The dream-phantasy may, however, direct its attention not merely to the form of the exciting organ, but may even make the substance contained therein the object of symbolization. Thus, for example, the dream excited by the intestinal stimuli may lead us through muddy streets, the dream due to stimuli from the bladder to foaming water. Or the stimulus as such, the nature of its excitation, and the object which it covets, are represented symbolically. Or, again, the dream-ego enters into a concrete association with the symbolization of its own state; as, for example, when in the case of painful stimuli we struggle desperately with vicious dogs or raging bulls, or when in a sexual dream the dreamer sees herself pursued by a naked man. Disregarding all the possible prolixity of elaboration, a phantastic symbolizing activity remains as the central force of every dream. Volkelt, in his fine and enthusiastic essay, attempted to penetrate still further into the character of this phantasy, and to assign to the psychic activity thus recognized its position in a system of philosophical ideas, which, however, remains altogether too difficult of comprehension for anyone who is not prepared by previous training for the intuitive comprehension of philosophical modes of thought.
Scherner attributes no useful function to the activity of the symbolizing phantasy in dreams. In dreams the psyche plays with the stimuli which are offered to it. One might conjecture that it plays in a mischievous fashion. And we might be asked whether our detailed consideration of Scherner's dream-theory, the arbitrariness of which, and its deviation from the rules of all forms of research are only too obvious, can lead to any useful results. We might fitly reply that to reject Scherner's theory without previous examination would be imposing too arrogant a veto. This theory is based on the impressions produced by his dreams on a man who paid close attention to them, and who would appear to be personally very well equipped for tracing obscure psychic phenomena. Furthermore, it treats of a subject which (though rich in its contents and relations) has for thousands of years appeared mysterious to humanity, and to the elucidation of which science, strictly so called, has, as it confesses, contributed nothing beyond attempting- in uncompromising opposition to popular sentiment- to deny its content and significance. Finally, let us frankly admit that it seems as though we cannot very well avoid the phantastical in our attempts to explain dreams. We must remember also that there is such a thing as a phantasy of ganglion cells; the passage cited (p. 87) from a sober and exact investigator like Binz, which describes how the dawn of awakening floods the dormant cell-masses of the cerebral cortex, is not a whit less fanciful and improbable than Scherner's attempts at interpretation. I hope to be able to demonstrate that there is something real underlying these attempts, though the phenomena which he describes have been only vaguely recognized, and do not possess the character of universality that should entitle them to be the basis of a theory of dreams. For the present, Scherner's theory of dreams, in contrast to the medical theory, may perhaps lead us to realize between what extremes the explanation of dream-life is still unsteadily vacillating.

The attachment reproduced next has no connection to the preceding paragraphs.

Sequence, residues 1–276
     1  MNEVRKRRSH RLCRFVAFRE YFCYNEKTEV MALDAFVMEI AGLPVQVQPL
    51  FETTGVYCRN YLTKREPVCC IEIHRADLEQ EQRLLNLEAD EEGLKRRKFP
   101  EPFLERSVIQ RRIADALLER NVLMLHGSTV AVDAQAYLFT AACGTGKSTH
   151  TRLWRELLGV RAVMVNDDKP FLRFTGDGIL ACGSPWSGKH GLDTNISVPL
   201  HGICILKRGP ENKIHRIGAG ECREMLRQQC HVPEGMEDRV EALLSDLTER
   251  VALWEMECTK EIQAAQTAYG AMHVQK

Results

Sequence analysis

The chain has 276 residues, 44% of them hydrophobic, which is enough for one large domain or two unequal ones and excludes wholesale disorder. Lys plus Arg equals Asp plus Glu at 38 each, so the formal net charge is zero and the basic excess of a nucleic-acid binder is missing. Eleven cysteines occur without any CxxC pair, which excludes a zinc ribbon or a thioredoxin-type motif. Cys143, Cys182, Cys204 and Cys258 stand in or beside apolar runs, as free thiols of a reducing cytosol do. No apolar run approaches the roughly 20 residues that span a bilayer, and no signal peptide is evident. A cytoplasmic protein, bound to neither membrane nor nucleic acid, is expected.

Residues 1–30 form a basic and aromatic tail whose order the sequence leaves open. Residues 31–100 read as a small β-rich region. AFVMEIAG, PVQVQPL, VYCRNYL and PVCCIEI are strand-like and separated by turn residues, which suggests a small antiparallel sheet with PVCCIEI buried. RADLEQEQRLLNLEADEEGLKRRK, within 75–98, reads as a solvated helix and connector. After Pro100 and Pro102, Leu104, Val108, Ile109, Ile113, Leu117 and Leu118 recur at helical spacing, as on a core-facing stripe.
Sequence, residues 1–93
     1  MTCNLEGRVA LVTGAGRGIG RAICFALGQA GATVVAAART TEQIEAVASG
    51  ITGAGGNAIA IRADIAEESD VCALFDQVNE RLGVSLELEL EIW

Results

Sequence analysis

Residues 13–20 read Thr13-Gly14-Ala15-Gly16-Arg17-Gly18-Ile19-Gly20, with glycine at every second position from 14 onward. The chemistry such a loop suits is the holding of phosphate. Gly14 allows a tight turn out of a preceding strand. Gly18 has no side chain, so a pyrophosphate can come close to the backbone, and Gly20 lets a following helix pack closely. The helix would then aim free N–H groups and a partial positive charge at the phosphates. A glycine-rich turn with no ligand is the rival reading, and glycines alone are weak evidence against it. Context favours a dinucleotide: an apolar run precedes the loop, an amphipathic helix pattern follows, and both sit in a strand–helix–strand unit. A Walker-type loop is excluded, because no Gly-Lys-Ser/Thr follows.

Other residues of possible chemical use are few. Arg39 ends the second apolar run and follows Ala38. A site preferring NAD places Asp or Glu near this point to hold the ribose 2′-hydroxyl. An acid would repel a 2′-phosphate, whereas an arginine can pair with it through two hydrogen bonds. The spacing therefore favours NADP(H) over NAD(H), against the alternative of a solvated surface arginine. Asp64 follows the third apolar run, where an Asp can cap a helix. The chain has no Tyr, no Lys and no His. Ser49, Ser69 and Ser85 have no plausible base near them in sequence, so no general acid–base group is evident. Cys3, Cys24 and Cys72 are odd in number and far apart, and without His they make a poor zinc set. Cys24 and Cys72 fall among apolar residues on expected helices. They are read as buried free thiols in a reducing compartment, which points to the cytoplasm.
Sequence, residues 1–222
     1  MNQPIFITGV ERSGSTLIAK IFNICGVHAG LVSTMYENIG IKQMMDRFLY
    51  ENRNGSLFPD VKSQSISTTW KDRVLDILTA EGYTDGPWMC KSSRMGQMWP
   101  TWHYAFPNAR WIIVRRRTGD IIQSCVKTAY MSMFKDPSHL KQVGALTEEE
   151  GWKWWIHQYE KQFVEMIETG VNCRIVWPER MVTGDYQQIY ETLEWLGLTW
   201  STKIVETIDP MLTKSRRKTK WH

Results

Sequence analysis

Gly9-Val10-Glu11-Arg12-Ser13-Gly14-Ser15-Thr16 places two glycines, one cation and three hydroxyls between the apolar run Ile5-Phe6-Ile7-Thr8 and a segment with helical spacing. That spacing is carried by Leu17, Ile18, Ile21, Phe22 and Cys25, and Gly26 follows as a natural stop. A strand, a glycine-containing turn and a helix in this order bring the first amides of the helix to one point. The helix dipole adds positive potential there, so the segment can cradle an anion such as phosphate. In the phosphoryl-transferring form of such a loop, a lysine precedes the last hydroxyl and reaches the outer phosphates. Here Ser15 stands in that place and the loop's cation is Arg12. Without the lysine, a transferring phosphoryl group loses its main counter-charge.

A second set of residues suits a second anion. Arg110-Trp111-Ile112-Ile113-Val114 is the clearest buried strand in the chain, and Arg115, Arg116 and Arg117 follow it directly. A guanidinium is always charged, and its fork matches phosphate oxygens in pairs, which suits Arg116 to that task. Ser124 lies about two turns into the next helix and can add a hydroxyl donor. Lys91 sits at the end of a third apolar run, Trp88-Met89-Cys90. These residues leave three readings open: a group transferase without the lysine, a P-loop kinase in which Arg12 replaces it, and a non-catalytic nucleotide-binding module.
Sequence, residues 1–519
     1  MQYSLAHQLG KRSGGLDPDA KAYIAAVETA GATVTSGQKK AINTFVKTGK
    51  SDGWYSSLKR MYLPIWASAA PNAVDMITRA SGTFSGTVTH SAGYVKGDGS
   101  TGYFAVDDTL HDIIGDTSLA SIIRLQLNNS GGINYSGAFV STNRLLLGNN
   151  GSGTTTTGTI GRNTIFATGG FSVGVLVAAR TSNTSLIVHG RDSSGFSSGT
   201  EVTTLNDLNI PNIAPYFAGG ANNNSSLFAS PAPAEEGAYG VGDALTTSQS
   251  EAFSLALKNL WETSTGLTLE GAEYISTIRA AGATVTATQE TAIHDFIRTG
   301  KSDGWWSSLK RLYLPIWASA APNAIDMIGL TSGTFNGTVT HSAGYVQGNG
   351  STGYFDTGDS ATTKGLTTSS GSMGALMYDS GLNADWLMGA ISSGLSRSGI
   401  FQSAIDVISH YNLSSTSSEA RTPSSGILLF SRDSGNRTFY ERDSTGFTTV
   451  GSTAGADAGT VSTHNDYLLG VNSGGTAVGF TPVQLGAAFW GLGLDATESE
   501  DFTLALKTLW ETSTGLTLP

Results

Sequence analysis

On to Chapter 1, Section H
Don't see what you need? Psych Web has over 1,000 pages, so it may be elsewhere on the site. Do a site-specific Google search using the box below.